The Full Story
Representatives from three ministries and 11 public bodies have benefited from anti-corruption and integrity training workshops over the period July 1 to September 30, 2023.
The sessions, aimed at promoting good governance and accountability in the public and private sectors, were administered by the Integrity Commission, through its Corruption Prevention, Stakeholder Engagement and Anti-Corruption Strategy Division.
Among the topics covered were an overview of Jamaica’s anti-corruption institutional and legislative frameworks and the problem and cost of corruption.
There were also discussions about the responsibility of a country’s leaders and lawmakers to tackle corruption, as well as principles of good governance, integrity, ethical conduct and accountability in public life.
Some of the entities attending the workshops included the Ministry of Legal and Constitutional Affairs, Ministry of Justice, Ministry of Industry, Investment and Commerce, Bank of Jamaica, Jamaica Customs, Factories Corporation of Jamaica, EX-IM Bank, HEART/NSTA Trust, National Road Operating and Constructing Company Limited, Anti-Dumping & Subsidies Commission, Department of Cooperatives and Friendly Societies, Kingston & St. Andrew Municipal Corporation, National Land Agency and Jamaica Ultimate Tyre Company.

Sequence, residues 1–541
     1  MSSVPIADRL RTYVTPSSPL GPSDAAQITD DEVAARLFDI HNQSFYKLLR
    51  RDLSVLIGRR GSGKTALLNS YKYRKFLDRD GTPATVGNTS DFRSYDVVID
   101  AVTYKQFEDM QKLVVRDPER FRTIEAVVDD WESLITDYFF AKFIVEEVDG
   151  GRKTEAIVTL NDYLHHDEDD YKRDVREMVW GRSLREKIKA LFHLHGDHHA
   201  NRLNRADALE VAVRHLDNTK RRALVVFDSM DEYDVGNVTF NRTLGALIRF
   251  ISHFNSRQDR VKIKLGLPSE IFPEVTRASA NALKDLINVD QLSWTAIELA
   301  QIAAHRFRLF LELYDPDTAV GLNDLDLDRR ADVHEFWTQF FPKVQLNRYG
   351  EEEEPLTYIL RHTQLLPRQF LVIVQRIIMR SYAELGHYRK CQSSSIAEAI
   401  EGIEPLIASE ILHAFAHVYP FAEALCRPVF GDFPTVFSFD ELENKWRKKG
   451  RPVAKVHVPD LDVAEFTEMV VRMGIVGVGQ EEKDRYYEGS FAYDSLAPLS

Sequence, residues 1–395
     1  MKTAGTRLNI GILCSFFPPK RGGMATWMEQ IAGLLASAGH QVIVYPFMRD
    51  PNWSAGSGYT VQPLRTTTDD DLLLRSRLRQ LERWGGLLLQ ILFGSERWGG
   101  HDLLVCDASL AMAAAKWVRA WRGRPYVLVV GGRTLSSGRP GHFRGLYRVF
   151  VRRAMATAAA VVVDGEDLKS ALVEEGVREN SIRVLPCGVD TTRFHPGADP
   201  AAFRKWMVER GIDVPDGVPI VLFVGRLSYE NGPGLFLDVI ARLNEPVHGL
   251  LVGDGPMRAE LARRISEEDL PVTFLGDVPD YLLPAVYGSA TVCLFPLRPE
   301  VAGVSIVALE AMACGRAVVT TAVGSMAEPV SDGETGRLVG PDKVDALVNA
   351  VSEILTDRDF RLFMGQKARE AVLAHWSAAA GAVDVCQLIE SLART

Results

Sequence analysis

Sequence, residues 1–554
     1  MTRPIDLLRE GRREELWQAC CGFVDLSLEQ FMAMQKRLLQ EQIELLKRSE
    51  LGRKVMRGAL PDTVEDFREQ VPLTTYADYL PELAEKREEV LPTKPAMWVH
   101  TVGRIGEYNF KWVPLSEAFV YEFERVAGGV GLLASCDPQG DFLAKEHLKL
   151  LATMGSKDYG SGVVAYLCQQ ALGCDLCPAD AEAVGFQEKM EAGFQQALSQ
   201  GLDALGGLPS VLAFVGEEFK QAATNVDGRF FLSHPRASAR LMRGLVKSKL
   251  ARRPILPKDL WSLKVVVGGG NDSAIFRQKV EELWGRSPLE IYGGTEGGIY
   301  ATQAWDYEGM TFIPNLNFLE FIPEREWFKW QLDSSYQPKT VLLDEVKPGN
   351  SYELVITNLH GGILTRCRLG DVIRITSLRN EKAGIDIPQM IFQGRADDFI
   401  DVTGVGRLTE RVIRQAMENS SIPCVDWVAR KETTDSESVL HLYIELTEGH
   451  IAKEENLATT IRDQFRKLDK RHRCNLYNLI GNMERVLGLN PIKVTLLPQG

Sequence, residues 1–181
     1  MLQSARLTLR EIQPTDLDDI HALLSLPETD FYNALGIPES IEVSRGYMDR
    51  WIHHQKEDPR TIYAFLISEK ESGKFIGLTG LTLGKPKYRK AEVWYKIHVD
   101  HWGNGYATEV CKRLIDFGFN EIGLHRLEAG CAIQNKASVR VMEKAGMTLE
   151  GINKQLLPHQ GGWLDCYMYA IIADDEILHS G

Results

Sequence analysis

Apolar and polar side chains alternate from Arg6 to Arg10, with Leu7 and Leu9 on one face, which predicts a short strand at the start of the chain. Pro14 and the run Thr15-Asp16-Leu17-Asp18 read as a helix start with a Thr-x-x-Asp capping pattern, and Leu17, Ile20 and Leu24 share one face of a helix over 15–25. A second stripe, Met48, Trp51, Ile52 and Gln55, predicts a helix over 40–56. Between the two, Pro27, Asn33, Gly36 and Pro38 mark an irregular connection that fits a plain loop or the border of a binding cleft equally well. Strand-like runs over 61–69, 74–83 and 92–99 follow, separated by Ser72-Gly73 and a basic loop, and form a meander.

Over the period, the Corruption Prevention, Stakeholder Engagement and Anti-Corruption Strategy Division also delivered presentations on anti-corruption and good governance to participants in the Protected Disclosures Training Programme, and at an anti-corruption seminar hosted by the Caribbean Regional Drug Law Enforcement Training Centre (REDTRAC).
Director of the Division, Ryan Evans, told JIS News that the training is part of the mandate of the Commission.
He explained that under Section 3(b) of the Integrity Commission Act, 2017, the entity has a mandate “to promote measures for the prevention, detection, investigation and prosecution of acts of corruption”
Mr. Evans further noted that educating the public on matters relating to corruption “is a critical component of the approach adopted by the Commission as it executes its mandate”.
“The public education interventions are aimed at promoting the principles of good governance and accountability within the society, and the intention is to continue the rollout of the public education initiative across the society,” he added.
The workshop modules, designed by the Commission, cover a wide range of anti-corruption, integrity and good governance subject areas, as well as information about the Commission’s statutory mandates, enforcement functions and Jamaica’s anti-corruption laws.